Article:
SOMETIMES IT SEEMS like living in today’s modern world is a lot like having a flock of woodpeckers live in your head. Many choose to complain about having to stay home and quarantine while others are forced to leave home and endanger their health by working at essential industries for the good of us all.
I choose to look at the positive effects of staying home and doing the simple but important things that really matter, like organizing the sock drawer, finding all of the mismatched Tupperware lids and overhauling my tackle box.
One of the more positive side effects of our current stay-at-home quarantine is the reduction of noise pollution. Unfortunately, just as I was reveling in the silence of the wilderness, there came a grating metallic hammering that made me jump right off my stump.
The unhappy coincidence of the self-isolation home quarantine and the woodpecker mating season has produced a perfect storm of avian audio pollution that interfered with my hibernation experiment.
Then I discovered the woodpeckers decided to self-quarantine inside the walls of my house, again. That is no joke.
Woodpeckers get up with the chickens and hammer away through the lengthening days until it’s too dark to hammer any more, leaving humans with scarcely a moment of silence to ourselves and little chance to slumber through this season of solitude.
It is a cruel irony that, recently, scientists revealed modern man has been responsible for the extinction of somewhere around a million species of animals and birds worldwide, but the woodpecker is not one of them.
You may consider that a harsh judgment. But few have tried living with woodpeckers.
It began with the mechanical rapping against the rain gutter. It seemed harmless enough. Even if it did go on for hours at a time.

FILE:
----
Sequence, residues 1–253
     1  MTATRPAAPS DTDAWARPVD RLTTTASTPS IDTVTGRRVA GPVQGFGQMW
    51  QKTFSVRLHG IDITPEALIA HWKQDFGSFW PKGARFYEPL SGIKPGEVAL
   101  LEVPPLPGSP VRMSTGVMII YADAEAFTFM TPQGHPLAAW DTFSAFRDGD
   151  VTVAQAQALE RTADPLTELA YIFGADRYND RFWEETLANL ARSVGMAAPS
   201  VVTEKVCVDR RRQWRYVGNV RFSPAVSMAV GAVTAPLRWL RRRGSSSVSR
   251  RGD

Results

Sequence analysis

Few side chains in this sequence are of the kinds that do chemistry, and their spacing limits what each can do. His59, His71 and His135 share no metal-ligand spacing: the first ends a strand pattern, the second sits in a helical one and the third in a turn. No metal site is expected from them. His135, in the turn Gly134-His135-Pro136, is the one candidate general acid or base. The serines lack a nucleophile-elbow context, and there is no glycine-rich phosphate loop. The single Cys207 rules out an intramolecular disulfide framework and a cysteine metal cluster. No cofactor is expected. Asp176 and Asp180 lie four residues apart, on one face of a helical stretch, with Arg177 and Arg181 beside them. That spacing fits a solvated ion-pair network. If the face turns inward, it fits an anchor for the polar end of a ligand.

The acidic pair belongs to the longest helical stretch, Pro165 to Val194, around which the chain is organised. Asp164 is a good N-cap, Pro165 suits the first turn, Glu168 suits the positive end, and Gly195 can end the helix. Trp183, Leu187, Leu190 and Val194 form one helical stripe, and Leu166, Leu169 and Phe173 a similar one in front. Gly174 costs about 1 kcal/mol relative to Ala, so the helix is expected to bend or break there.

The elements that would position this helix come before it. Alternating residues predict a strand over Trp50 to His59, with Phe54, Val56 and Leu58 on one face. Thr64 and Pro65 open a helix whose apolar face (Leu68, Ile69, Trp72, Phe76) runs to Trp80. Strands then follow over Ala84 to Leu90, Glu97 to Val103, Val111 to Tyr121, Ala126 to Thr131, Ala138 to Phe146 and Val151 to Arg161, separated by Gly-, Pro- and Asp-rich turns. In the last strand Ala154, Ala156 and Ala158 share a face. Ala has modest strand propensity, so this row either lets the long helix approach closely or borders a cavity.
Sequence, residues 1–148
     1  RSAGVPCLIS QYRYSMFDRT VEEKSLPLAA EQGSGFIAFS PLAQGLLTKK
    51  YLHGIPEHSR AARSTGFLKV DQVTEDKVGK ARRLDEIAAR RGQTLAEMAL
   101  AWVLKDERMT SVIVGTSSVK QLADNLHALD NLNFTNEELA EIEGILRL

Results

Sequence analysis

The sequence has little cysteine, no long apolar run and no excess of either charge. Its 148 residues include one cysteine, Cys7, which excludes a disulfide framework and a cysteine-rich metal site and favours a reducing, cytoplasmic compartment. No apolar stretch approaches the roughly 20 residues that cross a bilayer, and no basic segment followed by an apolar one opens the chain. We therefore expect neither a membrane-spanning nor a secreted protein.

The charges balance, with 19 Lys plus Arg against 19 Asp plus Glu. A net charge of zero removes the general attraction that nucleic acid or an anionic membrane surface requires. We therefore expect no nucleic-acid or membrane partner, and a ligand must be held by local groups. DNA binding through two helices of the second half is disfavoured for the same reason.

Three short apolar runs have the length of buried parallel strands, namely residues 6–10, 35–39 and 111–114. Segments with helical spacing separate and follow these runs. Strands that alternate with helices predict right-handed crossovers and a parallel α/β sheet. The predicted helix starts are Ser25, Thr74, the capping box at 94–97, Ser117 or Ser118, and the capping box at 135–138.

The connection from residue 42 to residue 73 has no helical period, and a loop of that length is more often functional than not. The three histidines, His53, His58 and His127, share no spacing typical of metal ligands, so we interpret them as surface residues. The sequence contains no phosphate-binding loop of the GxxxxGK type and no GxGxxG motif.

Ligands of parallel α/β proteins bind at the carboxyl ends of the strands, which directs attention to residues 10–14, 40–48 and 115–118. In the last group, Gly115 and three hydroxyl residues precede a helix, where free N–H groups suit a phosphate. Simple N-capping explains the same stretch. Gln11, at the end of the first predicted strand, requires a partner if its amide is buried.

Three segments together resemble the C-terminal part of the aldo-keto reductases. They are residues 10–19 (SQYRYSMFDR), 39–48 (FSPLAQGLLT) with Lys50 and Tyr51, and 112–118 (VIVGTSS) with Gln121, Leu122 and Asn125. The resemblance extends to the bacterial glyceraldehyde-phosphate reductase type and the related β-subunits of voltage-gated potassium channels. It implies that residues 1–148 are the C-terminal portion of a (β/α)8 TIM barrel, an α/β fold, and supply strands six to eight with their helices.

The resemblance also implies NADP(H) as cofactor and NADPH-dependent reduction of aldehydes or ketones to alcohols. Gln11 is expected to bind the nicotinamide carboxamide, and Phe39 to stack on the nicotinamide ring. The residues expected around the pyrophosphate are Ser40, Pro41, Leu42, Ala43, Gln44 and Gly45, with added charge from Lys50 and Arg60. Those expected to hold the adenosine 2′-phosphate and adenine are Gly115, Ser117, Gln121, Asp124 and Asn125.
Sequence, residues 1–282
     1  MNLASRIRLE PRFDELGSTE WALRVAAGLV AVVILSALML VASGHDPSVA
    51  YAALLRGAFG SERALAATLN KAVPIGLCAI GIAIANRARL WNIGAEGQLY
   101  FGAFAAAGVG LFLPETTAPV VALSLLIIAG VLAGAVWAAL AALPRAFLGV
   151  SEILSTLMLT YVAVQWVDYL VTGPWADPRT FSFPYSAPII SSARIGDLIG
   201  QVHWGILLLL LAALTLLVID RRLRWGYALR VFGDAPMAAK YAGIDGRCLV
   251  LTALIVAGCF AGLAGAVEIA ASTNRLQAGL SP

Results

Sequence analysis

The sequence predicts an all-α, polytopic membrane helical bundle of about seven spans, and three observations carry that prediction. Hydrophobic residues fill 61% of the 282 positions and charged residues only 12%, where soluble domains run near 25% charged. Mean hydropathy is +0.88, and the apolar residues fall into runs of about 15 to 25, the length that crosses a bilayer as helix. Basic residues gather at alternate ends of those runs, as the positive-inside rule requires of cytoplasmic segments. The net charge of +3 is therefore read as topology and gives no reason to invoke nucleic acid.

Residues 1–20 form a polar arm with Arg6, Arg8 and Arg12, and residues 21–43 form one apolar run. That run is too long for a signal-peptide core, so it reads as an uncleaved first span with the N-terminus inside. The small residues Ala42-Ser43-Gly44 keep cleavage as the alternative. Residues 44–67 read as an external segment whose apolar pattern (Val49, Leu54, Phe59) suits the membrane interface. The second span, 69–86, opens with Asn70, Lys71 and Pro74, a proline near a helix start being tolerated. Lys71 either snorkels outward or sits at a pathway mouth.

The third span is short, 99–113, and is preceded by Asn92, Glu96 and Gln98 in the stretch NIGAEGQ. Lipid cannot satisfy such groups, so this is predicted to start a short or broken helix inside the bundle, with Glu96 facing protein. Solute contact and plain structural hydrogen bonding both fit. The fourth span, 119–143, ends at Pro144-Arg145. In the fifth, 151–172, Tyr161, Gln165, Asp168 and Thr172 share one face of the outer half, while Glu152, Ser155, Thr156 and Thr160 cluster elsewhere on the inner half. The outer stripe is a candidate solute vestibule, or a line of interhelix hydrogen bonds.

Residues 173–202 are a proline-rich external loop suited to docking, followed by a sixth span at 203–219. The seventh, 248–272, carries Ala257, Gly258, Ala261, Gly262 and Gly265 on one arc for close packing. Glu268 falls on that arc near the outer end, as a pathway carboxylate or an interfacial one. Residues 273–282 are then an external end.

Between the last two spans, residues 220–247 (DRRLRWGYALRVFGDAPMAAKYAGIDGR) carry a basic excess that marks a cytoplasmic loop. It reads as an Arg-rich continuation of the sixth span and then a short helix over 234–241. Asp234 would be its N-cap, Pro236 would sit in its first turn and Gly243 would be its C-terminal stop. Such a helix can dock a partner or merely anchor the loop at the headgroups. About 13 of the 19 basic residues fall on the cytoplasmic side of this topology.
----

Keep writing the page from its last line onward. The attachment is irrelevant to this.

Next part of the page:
This rapping was the bird’s pathetic method of a calling a mate. Even more pathetic was the fact it seemed to work.
Suddenly, there were two woodpeckers, and I was outnumbered two to one.
The metallic hammering stopped, and it was replaced by a steady rapping of the birds drilling a hole through the outer wall.
Suddenly I knew the sock drawer, the Tupperware lids and the tackle box would have to wait. This was war with the woodpeckers.
People said I should just shoot the woodpeckers. That was stupid and illegal, and chances are, I’d just blow another hole in the house, which would be bad. It’s already got more holes in it than one of my fish stories.
Instead, I decided to use my head — I mean, my net.
I waited until the woodpeckers flew into the hole in the wall and snuck up with fish net to catch them when they flew out again. I figured it would take some time, but that was OK. I had plenty of time and nothing else to do.
Minutes turned into hours. The woodpeckers did not appear. They must have been taking the stay-at-home order seriously. The only problem being, they were staying in my home, scattering pink insulation all over the lawn.
After an hour or so, I felt a distressing need to go to the bathroom. Was it a disturbing symptom of the dreaded coronavirus or a side effect of the leftover chili? It didn’t matter at the time.
I wasn’t even sure the woodpeckers were in the hole anymore. All I knew for sure was that, once I stepped away, they flew out of the hole like nothing ever happened.
The woodpeckers won that one. I surrendered.
Pat Neal is a Hoh River fishing and rafting guide and “wilderness gossip columnist” whose column appears here every Wednesday.
He can be reached at 360-683-9867 or by email via patneal [email protected].